We Must Debate Gun Control Before Memory of Aurora Fades

America still needs a concrete solution to gun violence.

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Shamecca Davis hugs her son Isaiah Bow, who was an eye witness to the shooting, outside Gateway High School in Denver where witnesses were brought for questioning.

The funerals are over, so we will soon forget the tragedy in Aurora, Colo. and the 12 people whom James Holmes reportedly killed there. The only things that will make us remember the slaughter in Aurora are our consciences. But we'll have the same discussion soon when the same thing happens somewhere else.

Both presidential candidates have a responsibility to speak out while the memories of the victims are still fresh in our minds. After the murders in Tucson in 2011, President Barack Obama said we need to have a "new discussion of how we can keep America safe for all our people." More than a year later that discussion is long overdue.

[See a collection of political cartoons on gun control and gun rights.]

Presumptive GOP nominee Mitt Romney needs to get off the fence and explain his positions to voters. As governor of Massachusetts, he signed a state ban on assault weapons in 2004. Upon passage, Romney said assault weapons "are implements of destruction with the sole purpose of hunting down and killing people." Now Romney says he opposes any efforts to ban the kind of assault weapons that James Holmes allegedly used in Aurora to kill 12 people and Jared Lee Loughner used in Tucson to kill six innocent people.

There is no federal law that prohibits the sale of guns to people with mental problems. A psychiatrist was reportedly treating James Holmes before went on his alleged murderous rampage. At the very least, we need a new federal law that requires a background check before someone purchases a weapon.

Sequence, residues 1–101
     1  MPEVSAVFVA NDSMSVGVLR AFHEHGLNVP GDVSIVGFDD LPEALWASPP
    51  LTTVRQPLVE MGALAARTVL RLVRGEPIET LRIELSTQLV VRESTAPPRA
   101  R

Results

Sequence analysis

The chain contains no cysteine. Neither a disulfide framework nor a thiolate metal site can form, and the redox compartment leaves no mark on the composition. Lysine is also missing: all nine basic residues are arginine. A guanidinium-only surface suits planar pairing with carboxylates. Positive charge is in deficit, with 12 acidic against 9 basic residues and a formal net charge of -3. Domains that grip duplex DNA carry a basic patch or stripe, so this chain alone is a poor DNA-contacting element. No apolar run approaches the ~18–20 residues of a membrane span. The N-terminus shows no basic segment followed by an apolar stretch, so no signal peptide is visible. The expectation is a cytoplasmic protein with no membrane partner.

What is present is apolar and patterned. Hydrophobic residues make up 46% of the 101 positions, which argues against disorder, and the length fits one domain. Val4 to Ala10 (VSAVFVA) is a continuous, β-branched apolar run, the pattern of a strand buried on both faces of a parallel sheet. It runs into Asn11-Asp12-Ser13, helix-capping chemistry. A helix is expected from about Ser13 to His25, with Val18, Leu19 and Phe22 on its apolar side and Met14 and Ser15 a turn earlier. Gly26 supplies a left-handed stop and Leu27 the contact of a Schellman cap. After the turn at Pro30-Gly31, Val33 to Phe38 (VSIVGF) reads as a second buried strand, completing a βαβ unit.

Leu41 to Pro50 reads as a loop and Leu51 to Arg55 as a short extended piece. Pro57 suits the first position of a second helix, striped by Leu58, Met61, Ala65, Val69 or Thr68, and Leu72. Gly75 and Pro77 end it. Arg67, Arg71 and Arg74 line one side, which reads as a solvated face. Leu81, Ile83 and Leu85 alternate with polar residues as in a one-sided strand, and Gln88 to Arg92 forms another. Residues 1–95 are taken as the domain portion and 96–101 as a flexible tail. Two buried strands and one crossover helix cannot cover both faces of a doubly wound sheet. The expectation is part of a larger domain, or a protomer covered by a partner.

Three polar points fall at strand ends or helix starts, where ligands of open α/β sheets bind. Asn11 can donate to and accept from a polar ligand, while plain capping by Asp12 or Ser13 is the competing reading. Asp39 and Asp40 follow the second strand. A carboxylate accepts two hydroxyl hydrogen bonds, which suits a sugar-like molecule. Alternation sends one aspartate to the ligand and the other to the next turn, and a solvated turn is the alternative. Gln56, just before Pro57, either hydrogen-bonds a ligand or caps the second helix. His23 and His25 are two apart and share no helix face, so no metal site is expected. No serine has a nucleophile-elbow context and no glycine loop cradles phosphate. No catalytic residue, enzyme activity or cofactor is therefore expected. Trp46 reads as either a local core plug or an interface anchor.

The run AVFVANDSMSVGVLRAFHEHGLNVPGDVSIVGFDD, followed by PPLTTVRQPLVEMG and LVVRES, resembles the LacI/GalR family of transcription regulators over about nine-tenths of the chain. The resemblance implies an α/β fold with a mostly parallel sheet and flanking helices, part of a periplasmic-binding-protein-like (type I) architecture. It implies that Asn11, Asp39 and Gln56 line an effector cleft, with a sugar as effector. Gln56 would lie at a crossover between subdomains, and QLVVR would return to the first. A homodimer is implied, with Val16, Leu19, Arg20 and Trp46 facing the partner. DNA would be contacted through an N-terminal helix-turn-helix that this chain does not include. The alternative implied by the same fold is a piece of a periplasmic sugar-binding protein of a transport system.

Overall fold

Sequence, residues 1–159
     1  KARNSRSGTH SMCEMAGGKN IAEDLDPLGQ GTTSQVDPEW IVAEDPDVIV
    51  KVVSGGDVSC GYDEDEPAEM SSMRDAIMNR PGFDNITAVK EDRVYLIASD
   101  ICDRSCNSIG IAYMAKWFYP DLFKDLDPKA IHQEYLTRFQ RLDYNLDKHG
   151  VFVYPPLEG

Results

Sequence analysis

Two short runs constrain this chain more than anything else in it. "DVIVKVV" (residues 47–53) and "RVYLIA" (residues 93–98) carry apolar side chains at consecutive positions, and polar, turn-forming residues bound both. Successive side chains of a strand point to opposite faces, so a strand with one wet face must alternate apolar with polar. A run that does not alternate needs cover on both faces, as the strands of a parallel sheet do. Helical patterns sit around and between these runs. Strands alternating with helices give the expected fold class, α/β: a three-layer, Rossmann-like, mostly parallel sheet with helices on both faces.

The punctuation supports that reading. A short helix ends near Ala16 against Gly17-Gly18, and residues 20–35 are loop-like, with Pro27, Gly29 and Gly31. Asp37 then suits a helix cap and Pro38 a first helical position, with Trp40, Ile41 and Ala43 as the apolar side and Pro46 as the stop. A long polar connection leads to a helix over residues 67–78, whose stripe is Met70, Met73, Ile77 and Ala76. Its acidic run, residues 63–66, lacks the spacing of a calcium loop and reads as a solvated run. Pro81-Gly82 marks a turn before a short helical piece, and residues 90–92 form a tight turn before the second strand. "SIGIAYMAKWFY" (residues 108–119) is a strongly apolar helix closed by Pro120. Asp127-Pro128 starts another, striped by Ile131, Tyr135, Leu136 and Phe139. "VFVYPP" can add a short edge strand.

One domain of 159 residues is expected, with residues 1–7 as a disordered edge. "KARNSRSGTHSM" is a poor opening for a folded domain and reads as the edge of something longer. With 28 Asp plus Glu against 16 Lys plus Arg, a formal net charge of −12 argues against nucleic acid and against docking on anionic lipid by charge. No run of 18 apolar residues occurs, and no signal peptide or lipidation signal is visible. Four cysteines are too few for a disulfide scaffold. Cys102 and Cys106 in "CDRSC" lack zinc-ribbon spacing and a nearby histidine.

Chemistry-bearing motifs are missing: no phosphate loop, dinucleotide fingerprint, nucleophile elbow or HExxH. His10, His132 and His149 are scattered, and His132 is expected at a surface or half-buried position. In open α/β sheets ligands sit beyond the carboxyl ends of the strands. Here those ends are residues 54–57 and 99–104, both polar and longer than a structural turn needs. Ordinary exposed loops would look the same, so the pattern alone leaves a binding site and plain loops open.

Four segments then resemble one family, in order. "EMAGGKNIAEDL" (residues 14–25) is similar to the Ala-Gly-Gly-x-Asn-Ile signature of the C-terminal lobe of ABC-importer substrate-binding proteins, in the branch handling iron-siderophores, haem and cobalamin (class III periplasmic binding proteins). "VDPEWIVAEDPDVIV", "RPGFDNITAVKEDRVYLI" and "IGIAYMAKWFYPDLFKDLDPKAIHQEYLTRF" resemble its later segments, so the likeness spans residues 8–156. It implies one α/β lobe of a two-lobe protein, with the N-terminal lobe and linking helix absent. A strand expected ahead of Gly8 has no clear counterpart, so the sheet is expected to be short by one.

Our current gun control policy, such as it is, is to shoot first and ask the shooter questions later. It would be much better to reverse the process. In many states, the only question a gun buyer has to answer is, "Cash or charge?"

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The night I discussed the Aurora killings when I hosted Leslie Marshall's nationally syndicated radio talk show, I started the show feeling very pessimistic about gun law reform and finished on a more optimistic note.

I spoke to a gun owner who made feel me better about the prospects for passage of stricter gun control law. Phil is a veteran from Kentucky and a National Rifle Association member. He uses his weapon for target practice. Even though Phil is a member, he is frustrated by the refusal of the NRA to even discuss much less support tougher gun regulations. Phil said he didn't want anybody with mental problems and a gun living in his neighborhood. As a combat veteran, he knows how dangerous guns are in the wrong hands.

Phil and many other NRA members know the Second Amendment is not a license to hunt down and kill innocent people. I hope the NRA is listening.

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